Business Insider carries the above Instagram statement from Chechnya leader Ramzan Kadyrov. Like the uncle of the accused Tsarnaev brothers, he seems to be saying, “Don’t blame Chechnya.” Unlike the uncle, he also points the finger at America. The text above, translated from Russian:
Tragic events have occurred in Boston. As a result of a terrorist act, people perished. Earlier, we expressed our condolences to the city’s residents and the American people. Today, according to the media, a certain Tsarnaev was killed during an attempted arrest. If they had arrested him and investigated, they logically would have clarified all the circumstances and the degree of his guilt. Apparently, the special forces needed a result at any price, to calm down society. Any attempts to claim a connection between Chechnya and the Tsarnaevs, if they are guilty, are in vain. They grew up in the USA, their views and convictions were formed there. The roots should be looked for in America. The whole world should fight against terrorism. We know that better than anybody. We wish recovery to all the victims and share the groef of Americans.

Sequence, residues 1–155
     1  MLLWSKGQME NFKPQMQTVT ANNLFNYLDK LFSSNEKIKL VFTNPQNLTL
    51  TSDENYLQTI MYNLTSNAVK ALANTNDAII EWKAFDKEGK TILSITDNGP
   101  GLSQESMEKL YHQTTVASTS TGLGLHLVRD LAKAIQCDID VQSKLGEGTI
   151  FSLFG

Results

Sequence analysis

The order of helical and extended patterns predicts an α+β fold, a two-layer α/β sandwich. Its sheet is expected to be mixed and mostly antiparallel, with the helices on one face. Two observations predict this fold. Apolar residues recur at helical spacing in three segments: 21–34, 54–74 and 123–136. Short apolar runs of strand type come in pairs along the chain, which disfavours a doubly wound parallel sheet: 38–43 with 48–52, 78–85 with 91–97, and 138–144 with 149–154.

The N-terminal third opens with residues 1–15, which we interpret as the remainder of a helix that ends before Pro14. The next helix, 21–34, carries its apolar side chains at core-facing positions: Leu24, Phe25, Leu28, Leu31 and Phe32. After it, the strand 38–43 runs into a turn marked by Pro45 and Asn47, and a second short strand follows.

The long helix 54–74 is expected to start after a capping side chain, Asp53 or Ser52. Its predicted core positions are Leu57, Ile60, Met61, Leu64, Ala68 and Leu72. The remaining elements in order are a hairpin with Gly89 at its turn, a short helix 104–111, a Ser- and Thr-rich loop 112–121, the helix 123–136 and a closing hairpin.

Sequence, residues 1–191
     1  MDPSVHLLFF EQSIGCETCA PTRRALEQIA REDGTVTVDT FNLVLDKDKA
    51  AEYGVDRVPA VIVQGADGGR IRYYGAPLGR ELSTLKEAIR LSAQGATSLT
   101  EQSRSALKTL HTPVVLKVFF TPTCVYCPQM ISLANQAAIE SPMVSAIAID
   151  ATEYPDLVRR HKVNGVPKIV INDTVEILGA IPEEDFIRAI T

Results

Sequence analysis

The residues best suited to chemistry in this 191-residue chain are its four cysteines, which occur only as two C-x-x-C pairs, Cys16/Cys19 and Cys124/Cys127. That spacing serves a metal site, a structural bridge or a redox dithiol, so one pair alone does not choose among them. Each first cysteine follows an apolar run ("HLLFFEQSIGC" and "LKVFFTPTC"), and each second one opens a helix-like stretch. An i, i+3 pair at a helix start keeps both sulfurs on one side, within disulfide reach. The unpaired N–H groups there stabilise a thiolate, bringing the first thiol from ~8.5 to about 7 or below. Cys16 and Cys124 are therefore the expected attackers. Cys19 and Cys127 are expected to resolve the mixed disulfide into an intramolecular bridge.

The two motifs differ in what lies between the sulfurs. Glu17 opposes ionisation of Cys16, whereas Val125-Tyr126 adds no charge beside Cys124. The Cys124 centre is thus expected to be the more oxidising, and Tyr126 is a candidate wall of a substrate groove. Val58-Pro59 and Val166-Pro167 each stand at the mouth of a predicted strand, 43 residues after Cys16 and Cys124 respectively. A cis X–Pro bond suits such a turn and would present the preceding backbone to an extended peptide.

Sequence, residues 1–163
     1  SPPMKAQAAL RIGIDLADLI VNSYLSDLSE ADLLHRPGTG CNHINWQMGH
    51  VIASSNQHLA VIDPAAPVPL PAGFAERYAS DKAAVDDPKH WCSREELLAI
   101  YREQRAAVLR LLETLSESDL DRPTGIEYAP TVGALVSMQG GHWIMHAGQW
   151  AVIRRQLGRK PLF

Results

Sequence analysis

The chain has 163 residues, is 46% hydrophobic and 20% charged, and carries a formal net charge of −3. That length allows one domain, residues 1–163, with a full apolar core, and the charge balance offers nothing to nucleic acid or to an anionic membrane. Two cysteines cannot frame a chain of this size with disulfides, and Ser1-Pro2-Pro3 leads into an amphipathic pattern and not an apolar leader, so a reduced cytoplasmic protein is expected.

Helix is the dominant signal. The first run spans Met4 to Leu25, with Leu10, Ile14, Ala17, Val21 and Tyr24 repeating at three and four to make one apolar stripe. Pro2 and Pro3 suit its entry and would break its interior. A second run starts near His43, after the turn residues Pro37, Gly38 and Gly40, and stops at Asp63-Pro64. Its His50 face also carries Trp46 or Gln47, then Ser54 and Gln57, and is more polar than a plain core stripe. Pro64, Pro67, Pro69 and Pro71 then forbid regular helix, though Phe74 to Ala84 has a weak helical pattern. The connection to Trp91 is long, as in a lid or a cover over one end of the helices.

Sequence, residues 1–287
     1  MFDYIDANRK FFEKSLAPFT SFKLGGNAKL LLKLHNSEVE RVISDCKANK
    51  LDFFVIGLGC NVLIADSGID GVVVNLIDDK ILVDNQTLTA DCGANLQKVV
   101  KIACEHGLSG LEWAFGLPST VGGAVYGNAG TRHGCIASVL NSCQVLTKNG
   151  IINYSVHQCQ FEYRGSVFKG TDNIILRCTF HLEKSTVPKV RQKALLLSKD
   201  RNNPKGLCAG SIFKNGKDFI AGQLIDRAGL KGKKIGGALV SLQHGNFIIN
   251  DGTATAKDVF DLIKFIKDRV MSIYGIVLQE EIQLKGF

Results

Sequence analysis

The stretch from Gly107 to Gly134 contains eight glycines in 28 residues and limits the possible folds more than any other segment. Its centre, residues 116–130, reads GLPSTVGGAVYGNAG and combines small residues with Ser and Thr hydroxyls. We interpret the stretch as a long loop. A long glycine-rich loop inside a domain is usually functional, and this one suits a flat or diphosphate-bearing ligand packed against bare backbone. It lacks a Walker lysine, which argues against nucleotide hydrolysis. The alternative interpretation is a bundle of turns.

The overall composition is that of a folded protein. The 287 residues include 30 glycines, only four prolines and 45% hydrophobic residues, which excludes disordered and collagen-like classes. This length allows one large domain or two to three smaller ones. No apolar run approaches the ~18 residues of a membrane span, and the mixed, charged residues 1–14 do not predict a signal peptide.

Carey Goldberg was a Moscow correspondent for the Los Angeles Times during the collapse of the Soviet Union. She currently writes for WBUR’s Commonhealth.
Boston Marathon Bombing: Significant Developments:
- Monday, April 15: Bombs at the Marathon finish line kill three and injure hundreds more
- Thursday, April 18: Black hat and white hat: FBI releases photos and video of suspects
- Thursday and Friday, April 18-19: MIT police officer is killed; shootout in Watertown; one suspect dies, other escapes
- Friday, April 19: Manhunt for surviving suspect as Boston area is put on lockdown
- Friday evening, April 19: Lockdown lifted; suspect is located and captured in Watertown
- Monday, April 22: Dzhokhar Tsarnaev charged with using a weapon of mass destruction
- Wednesday, May 1: Three college friends of Dzhokhar accused of disposing of backpack
- More Coverage: Boston Marathon Bombings